Uncanny AI: Artificial Intelligence In The Uncanny Valley
May 30, 2007 Page 4 of 4
Asperger’s syndrome is a less severe part of the spectrum, in which people generally show some form of above normal mental ability coupled with somewhat obsessive interests, and are somewhat disconnected and uncomprehending of the emotions of those around them. It's sometimes claimed that Albert Einstein had Asperger’s.
In its high specialization and complete inability to understand people, game AI shows very similar symptoms to people on the autism spectrum. It doesn't really have a place on the spectrum itself though, because it breaks out of the far end, being so narrowly active and empathically blind as to be beyond autistic.
The more comprehensive it gets though, the less machine like it seems and the closer it comes to behaving like a particular subset of unusual human beings. Advanced AI will probably follow a reverse trajectory down the autism spectrum before it really fools us.
As a result, I suspect that consultation with and evaluation by psychology departments may become relevant to game AI in the coming years, given that they're the most comprehensive resource in existence on human behavior,
Psychology generally has a hard time, often being accused of unscientific practice, and psychiatry is also accused of prejudice in the way it defines certain things as disorders. Psychology has been through so many upheavals, and has so many schools and movements, that to even define it as a single thing can seem like a stretch sometimes.
Furthermore, despite over a century of study, much of the human mind and brain remain a black box to us. We see what is going on from the outside, but have so far had only limited ability to measure and peer into what's going on internally.
This is where game developers are going to have some significant advantages over psychologists. If looked at from the point of view of hard data and proven theories, psychology is very difficult to penetrate.
However, where a scientist must test, measure, revise and prove things, game developers can simulate and create systems. Looked at in terms of unproven theories, psychology is a smorgasbord of ifs, maybes, and analytical skills rather than hard facts.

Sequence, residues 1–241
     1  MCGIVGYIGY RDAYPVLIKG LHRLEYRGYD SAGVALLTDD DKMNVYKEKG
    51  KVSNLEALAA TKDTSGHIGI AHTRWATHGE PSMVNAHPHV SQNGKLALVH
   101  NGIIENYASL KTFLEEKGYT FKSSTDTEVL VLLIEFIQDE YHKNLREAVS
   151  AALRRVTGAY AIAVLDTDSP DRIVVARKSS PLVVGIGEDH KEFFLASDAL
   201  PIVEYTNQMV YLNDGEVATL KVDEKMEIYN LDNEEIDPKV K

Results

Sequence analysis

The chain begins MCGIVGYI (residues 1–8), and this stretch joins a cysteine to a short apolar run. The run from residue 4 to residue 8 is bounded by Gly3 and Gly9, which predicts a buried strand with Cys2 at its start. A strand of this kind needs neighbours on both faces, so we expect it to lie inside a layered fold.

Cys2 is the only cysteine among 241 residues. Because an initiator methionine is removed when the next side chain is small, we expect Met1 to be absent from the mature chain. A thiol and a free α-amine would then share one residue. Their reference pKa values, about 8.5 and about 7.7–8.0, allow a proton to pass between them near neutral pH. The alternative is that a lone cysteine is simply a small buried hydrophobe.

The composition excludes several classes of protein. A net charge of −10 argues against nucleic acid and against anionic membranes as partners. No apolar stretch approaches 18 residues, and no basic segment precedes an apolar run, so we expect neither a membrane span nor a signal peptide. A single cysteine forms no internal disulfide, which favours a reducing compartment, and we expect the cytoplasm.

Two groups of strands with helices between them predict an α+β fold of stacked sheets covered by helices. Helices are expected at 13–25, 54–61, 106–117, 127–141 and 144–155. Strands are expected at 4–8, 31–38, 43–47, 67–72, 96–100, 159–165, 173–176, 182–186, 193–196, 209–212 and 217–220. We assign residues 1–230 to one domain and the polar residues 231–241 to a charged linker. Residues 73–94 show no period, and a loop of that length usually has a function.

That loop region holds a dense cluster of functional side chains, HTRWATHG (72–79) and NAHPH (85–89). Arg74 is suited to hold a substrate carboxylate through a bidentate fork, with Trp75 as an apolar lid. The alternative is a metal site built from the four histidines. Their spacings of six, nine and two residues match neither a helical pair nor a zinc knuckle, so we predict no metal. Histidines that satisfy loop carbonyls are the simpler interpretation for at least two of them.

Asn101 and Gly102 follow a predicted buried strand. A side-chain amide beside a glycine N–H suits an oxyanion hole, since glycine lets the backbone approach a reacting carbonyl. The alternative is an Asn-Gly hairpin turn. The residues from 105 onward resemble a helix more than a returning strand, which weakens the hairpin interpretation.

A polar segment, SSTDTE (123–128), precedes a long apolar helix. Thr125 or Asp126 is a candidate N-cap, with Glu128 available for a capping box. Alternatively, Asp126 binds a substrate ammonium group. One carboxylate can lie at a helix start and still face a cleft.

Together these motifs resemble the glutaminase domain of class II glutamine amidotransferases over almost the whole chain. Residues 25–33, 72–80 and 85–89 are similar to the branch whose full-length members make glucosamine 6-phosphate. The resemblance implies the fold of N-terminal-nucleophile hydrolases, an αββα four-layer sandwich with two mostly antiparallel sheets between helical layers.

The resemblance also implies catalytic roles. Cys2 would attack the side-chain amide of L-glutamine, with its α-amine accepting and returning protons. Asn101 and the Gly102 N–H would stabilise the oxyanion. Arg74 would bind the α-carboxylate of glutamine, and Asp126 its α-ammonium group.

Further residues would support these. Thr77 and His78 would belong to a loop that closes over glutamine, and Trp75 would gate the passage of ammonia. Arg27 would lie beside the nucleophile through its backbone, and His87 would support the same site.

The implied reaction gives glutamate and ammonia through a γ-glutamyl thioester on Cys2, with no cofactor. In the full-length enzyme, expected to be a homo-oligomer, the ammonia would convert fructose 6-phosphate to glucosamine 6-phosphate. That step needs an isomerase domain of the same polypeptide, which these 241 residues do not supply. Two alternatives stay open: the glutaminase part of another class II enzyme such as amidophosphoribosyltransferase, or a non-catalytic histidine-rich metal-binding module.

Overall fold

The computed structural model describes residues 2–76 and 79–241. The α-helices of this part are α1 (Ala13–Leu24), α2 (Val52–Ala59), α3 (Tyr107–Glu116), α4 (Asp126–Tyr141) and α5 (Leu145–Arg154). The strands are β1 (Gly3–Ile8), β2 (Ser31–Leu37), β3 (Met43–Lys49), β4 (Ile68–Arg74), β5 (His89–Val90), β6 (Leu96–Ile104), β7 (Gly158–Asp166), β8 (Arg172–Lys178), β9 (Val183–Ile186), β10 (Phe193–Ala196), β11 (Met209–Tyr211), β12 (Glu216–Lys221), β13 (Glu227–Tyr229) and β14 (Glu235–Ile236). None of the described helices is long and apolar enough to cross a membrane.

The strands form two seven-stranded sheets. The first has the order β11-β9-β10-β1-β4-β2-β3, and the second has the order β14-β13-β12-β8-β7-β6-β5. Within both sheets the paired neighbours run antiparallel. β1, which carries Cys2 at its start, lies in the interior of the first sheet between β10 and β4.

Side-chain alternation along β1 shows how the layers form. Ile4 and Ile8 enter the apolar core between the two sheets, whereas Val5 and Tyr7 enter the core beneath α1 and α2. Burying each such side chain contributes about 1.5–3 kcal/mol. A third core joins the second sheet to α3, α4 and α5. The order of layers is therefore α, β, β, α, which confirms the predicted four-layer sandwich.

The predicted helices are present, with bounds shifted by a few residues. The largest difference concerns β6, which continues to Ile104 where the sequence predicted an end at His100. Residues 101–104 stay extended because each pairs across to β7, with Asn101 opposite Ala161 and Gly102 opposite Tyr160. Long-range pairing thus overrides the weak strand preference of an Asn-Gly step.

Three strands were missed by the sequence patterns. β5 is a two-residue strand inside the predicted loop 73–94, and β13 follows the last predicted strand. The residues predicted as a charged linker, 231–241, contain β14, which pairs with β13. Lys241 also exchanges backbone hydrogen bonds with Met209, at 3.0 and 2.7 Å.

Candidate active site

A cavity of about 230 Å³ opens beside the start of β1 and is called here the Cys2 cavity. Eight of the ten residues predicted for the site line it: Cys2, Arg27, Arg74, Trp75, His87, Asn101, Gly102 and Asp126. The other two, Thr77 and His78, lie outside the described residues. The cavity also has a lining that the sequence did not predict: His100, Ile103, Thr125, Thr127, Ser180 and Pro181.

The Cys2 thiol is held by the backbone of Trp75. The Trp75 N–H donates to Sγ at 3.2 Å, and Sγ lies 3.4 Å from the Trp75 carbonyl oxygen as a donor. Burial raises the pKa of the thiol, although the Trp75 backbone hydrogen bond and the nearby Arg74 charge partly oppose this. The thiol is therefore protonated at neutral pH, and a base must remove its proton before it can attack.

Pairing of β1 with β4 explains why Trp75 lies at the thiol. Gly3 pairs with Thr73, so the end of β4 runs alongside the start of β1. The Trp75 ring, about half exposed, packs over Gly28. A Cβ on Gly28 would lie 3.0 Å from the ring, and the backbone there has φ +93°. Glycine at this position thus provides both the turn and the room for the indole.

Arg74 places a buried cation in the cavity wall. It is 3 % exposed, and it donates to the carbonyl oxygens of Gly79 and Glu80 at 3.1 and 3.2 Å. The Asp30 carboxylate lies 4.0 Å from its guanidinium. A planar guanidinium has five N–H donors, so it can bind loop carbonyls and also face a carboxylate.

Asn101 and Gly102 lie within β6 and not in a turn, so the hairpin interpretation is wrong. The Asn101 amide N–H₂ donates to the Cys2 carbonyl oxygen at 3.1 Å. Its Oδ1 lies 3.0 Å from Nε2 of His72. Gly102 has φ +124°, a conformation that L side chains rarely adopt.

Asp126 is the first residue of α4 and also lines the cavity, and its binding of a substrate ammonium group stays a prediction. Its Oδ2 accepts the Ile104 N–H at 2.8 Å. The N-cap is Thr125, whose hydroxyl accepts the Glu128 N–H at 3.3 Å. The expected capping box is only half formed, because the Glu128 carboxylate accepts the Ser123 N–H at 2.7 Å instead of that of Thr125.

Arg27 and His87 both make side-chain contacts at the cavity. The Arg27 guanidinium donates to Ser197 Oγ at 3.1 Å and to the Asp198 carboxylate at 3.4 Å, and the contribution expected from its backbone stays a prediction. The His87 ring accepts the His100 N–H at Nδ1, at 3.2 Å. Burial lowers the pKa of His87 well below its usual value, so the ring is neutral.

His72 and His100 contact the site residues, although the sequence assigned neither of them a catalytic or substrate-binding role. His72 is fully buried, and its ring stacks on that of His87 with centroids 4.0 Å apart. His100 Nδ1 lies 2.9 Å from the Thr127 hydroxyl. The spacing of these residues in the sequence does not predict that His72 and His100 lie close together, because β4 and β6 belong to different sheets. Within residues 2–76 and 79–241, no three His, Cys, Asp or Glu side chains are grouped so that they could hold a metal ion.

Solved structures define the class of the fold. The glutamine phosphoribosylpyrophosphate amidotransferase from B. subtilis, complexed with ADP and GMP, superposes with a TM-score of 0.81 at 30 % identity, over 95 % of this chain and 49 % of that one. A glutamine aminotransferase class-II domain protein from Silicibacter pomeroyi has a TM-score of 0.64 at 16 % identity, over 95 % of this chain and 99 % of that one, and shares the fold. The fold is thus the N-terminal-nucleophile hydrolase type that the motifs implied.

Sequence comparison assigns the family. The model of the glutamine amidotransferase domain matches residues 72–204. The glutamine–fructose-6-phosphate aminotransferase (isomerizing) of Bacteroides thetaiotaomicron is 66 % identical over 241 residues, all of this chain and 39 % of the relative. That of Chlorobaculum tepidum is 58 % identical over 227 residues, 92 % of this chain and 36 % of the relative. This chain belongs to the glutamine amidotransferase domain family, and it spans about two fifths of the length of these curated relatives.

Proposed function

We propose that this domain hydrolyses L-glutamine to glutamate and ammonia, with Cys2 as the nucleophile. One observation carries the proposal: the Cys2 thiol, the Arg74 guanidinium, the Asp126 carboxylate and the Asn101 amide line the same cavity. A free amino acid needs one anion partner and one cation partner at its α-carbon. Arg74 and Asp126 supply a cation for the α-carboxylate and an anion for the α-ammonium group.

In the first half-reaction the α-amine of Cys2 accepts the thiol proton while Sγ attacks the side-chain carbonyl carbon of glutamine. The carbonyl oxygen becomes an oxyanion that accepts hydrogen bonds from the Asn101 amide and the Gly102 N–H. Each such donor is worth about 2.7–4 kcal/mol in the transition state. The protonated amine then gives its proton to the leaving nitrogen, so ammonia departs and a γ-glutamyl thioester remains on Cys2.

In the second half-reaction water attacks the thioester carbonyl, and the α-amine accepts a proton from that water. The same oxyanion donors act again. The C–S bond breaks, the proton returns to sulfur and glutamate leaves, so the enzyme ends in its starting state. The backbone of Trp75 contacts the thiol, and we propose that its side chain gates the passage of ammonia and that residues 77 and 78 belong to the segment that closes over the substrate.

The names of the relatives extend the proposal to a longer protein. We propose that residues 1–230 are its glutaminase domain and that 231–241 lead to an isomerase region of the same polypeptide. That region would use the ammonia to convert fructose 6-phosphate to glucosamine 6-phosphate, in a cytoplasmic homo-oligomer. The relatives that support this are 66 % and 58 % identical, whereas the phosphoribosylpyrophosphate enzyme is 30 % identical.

A lot of what we intuitively know about people remains immeasurable because of limitations on our technology and knowledge. For instance, the positive and negative valence of emotional states in others is obvious to most people through facial expression, voice intonation, posture, and so forth, yet none of these constitute an impossible to fake, objectively reliable measure, and magnetic resonance imaging has not yet reached a fine enough resolution to allow sufficient neurological observation.
While reliable enough for everyday interaction, the signs we read by second nature are not absolute. It is our unconscious knowledge of how humans behave that enables us to pick out the good fakes, and bringing that knowledge to light will take a lot of study and analysis.
Comprehensive knowledge of the mechanics upon which human behavior operates is a tall order, but luckily, while still a mountain we're yet to scale, a well informed AI performance is not so ambitious. By building towards more convincing AI, game developers are not becoming scientists, merely better magicians.
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